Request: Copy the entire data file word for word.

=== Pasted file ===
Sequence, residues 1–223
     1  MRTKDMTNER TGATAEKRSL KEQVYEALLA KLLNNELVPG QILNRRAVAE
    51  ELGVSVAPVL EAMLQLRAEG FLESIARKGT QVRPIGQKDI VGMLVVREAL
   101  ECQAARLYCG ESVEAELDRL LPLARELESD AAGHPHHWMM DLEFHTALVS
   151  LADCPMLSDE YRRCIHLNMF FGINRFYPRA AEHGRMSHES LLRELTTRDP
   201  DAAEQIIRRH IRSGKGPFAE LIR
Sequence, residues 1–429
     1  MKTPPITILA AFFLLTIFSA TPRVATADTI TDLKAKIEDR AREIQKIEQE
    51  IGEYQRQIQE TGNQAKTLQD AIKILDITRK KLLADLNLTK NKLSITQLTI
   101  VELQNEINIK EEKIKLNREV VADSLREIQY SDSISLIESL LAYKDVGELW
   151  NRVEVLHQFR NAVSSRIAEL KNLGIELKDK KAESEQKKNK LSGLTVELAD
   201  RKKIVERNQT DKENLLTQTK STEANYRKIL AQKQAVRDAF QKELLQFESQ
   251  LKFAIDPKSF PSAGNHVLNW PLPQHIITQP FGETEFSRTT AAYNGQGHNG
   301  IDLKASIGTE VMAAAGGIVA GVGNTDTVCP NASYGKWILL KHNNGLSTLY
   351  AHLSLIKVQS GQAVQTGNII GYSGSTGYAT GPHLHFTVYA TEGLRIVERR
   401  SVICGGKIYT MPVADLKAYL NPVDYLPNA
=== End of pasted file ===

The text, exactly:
Sequence, residues 1–223
     1  MRTKDMTNER TGATAEKRSL KEQVYEALLA KLLNNELVPG QILNRRAVAE
    51  ELGVSVAPVL EAMLQLRAEG FLESIARKGT QVRPIGQKDI VGMLVVREAL
   101  ECQAARLYCG ESVEAELDRL LPLARELESD AAGHPHHWMM DLEFHTALVS
   151  LADCPMLSDE YRRCIHLNMF FGINRFYPRA AEHGRMSHES LLRELTTRDP
   201  DAAEQIIRRH IRSGKGPFAE LIR
Sequence, residues 1–429
     1  MKTPPITILA AFFLLTIFSA TPRVATADTI TDLKAKIEDR AREIQKIEQE
    51  IGEYQRQIQE TGNQAKTLQD AIKILDITRK KLLADLNLTK NKLSITQLTI
   101  VELQNEINIK EEKIKLNREV VADSLREIQY SDSISLIESL LAYKDVGELW
   151  NRVEVLHQFR NAVSSRIAEL KNLGIELKDK KAESEQKKNK LSGLTVELAD
   201  RKKIVERNQT DKENLLTQTK STEANYRKIL AQKQAVRDAF QKELLQFESQ
   251  LKFAIDPKSF PSAGNHVLNW PLPQHIITQP FGETEFSRTT AAYNGQGHNG
   301  IDLKASIGTE VMAAAGGIVA GVGNTDTVCP NASYGKWILL KHNNGLSTLY
   351  AHLSLIKVQS GQAVQTGNII GYSGSTGYAT GPHLHFTVYA TEGLRIVERR
   401  SVICGGKIYT MPVADLKAYL NPVDYLPNA